Noyac Grandma Reflects On Quality Of Life Given By Kidney Donation


Just a few years ago, Anne Gianchetta’s increasing paleness, weakness, constant fatigue and diminishing weight on her petite 5-foot frame, caused her sons, Michael Jr. and Mark, to urge her to finally get a kidney transplant.

At the time, all the Noyac grandmother of four could think about was her family.
Ms. Gianchetta had been diagnosed with polycystic kidney disease—a disorder in which clusters of cysts develop primarily in the kidneys and that can lead to kidney failure—several years prior. She had been undergoing dialysis six hours a day, three days a week.

But her worsening condition was at a tipping point.

“My sons every day would get more and more upset seeing me,” Ms. Gianchetta, now 72 (her birthday was earlier this month, which, incidentally, is National Donate Life Month) with a healthy, donated kidney, recalled during an interview on Tuesday morning in her Rogers Court home. “They kept saying, ‘Mom, this is crazy. Let’s get this done.’”

“All I thought about was my grandchildren,” she said, alternately touching her silver necklace and folding her hands over her slacks, as she sat at one end of a floral couch in her open-floor-plan house.

Propped on a rocking chair across the room was a pillow sewn with the words, “GOD COULDN’T BE EVERYWHERE, SO HE CREATED GRANDMOTHERS.”
Suddenly, her voice cracked and her eyes welled up with tears. She looked off into the distance.

“I want to see them graduate college, and it just upset me that I thought, ‘I’m not going to be able,’” she said.

Family looms large in Ms. Gianchetta’s life. Nearly everyone on her little cul-de-sac is a relative, by blood or marriage. She cherishes the quality time she can now spend with her grandchildren, Jonathon, 17, Tyler, 16, Derek, 13, and Megan, 10—time granted to her by her new kidney. She calls her niece, Denise Burke O’Brien, her “little princess” and “the daughter I never had” and further jokes about having “da’niece” and “da’nephew.” She proudly points out that she is related to local Judge Edward Burke and “attorney to the stars” Edward Burke Jr. She and her husband, Michael Sr., together own a Brentwood environmental firm, Gianco, which does recycling and remediation after fires, flood and mold.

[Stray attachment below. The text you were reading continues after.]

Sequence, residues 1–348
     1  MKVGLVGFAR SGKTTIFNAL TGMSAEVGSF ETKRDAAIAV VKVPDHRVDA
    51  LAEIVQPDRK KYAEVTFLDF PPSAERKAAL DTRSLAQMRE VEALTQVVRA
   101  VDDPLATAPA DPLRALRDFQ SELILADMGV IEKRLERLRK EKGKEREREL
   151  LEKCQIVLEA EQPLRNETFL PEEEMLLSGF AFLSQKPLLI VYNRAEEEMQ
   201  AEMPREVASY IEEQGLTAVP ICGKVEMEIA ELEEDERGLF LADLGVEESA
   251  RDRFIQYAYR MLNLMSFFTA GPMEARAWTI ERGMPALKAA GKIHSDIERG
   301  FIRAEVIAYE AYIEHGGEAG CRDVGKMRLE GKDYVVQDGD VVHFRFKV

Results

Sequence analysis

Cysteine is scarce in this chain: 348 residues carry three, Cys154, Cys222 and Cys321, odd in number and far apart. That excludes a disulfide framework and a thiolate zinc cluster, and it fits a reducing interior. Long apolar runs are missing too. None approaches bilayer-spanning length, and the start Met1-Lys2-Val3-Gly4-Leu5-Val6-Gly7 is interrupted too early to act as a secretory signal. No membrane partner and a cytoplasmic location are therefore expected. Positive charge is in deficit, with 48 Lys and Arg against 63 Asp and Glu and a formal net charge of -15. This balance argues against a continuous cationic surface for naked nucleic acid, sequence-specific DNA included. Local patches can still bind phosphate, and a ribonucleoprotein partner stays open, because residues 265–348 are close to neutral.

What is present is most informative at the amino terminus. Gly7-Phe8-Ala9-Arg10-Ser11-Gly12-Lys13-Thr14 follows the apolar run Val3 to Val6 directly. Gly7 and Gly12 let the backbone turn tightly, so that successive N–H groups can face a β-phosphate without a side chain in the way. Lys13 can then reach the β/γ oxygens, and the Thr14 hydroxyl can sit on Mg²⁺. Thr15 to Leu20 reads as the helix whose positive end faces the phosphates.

Ms. Gianchetta’s diagnosis came 14 years ago, when she was about 58. She was monitored closely by a nephrologist, but eventually her creatinine levels got so high she needed a transplant. Her husband spent hours on end researching the best hospitals.

Finding a donor was another matter. Several factors, such as blood and tissue types, must be taken into account to determine whether a living donor will be a good match. If a compatible living donor is not available, one’s name can be added to a waiting list for a deceased-donor kidney. The demand is always greater than the supply, however, so the list is always growing, and the wait can be several years.

Nearly 10,000 people in New York State are waiting for lifesaving organ transplants, according to Southampton Hospital and the New York Organ Donor Network. About 20 percent of people 18 and over have signed up to be organ donors, less than the average of 45-percent across the nation.

Ms. Gianchetta’s husband and two sons didn’t meet the criteria for a match. Neither did a cousin in Mississippi. Ms. Burke O’Brien was considered a perfect match—until she wasn’t. A cyst found on her kidney at the last minute made it too risky, Ms. Gianchetta explained.